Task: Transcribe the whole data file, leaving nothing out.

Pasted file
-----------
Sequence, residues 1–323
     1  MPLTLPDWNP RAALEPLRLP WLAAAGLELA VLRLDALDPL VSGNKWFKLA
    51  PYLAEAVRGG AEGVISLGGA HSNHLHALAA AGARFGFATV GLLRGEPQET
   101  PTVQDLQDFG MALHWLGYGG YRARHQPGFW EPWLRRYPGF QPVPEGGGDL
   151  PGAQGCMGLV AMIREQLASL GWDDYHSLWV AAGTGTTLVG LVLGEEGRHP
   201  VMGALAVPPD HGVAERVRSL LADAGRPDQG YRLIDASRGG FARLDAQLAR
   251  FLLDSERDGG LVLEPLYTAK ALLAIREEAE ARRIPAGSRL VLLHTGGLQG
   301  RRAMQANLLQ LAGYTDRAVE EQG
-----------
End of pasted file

Sequence, residues 1–323
     1  MPLTLPDWNP RAALEPLRLP WLAAAGLELA VLRLDALDPL VSGNKWFKLA
    51  PYLAEAVRGG AEGVISLGGA HSNHLHALAA AGARFGFATV GLLRGEPQET
   101  PTVQDLQDFG MALHWLGYGG YRARHQPGFW EPWLRRYPGF QPVPEGGGDL
   151  PGAQGCMGLV AMIREQLASL GWDDYHSLWV AAGTGTTLVG LVLGEEGRHP
   201  VMGALAVPPD HGVAERVRSL LADAGRPDQG YRLIDASRGG FARLDAQLAR
   251  FLLDSERDGG LVLEPLYTAK ALLAIREEAE ARRIPAGSRL VLLHTGGLQG
   301  RRAMQANLLQ LAGYTDRAVE EQG